This is an excerpt from EERE Network News, a weekly electronic newsletter.

August 06, 2003

Will Nuclear Power Help Cut U.S. Carbon Dioxide Emissions?

As analysts examine ways to cut U.S. greenhouse gas emissions, two facts are obvious: carbon dioxide dominates greenhouse gas emissions, and most of the U.S. carbon dioxide emissions come from the use of fossil fuels for energy. Although increased energy efficiency and a greater use of renewable energy are two approaches to reducing U.S. carbon dioxide emissions, the Massachusetts Institute of Technology (MIT) is proposing that the United States also use nuclear power to meet that goal. The new MIT report, "The Future of Nuclear Power," points to four barriers to increased use of nuclear power: high relative costs; perceived adverse safety, environmental, and health effects; potential security risks from nuclear proliferation; and unresolved challenges in the long-term management of nuclear wastes. It also offers recommendations to address those barriers. See the MIT report.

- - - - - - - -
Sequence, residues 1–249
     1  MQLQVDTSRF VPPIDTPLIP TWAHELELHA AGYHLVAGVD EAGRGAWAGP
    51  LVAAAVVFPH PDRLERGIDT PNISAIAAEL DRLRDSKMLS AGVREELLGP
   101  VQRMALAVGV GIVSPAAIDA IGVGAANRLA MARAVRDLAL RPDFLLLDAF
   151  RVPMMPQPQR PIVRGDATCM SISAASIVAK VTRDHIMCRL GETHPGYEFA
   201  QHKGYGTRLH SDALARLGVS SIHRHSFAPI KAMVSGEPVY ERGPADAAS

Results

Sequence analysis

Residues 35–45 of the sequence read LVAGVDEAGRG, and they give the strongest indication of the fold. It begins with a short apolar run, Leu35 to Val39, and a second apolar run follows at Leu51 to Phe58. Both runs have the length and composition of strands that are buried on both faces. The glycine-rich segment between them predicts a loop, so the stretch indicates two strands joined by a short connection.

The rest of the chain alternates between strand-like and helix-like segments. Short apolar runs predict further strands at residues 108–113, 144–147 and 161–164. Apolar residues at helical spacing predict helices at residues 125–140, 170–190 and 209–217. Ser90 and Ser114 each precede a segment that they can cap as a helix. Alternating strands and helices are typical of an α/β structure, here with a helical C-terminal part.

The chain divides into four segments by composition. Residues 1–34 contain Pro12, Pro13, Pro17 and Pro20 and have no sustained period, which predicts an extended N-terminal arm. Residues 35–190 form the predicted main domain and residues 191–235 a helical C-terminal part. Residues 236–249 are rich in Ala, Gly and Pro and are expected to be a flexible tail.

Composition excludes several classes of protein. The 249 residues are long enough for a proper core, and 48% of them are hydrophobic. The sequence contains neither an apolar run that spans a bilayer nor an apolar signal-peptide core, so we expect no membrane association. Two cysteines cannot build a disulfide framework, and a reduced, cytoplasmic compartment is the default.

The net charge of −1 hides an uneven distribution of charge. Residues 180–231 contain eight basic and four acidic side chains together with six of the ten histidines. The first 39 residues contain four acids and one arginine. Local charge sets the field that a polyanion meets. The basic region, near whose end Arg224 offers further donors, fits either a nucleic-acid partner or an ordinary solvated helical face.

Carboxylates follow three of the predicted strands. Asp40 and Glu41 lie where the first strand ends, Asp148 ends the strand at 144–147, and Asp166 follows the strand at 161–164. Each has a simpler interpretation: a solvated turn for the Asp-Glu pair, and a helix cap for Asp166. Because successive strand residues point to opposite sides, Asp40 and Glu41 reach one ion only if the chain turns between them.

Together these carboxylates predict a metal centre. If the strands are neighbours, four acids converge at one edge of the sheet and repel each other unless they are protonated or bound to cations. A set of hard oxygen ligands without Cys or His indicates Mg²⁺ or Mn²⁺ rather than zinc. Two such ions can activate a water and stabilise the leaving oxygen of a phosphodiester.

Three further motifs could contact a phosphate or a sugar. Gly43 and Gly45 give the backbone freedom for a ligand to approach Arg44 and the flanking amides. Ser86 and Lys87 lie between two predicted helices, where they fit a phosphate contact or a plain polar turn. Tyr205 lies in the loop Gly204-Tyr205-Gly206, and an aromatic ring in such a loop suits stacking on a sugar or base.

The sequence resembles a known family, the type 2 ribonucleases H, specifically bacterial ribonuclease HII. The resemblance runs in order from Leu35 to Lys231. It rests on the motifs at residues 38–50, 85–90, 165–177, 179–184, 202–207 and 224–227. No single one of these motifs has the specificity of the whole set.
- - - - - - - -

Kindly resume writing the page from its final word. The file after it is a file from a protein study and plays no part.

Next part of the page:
One topic addressed by the MIT report is new nuclear reactor designs, which could help reduce concerns about safety and health. DOE's Energy Information Administration (EIA) recently summarized the status of new nuclear reactor designs in the United States. Although all commercial nuclear plants in the United States fall into two categories—either pressurized water reactors or boiling water reactors—the Nuclear Regulatory Commission has certified several improved versions of these current designs, and a number of alternative designs are undergoing the preliminary step of being "pre-certified." Many of these designs are simpler and feature passive safety features intended to decrease the likelihood of nuclear accidents. See the EIA report.

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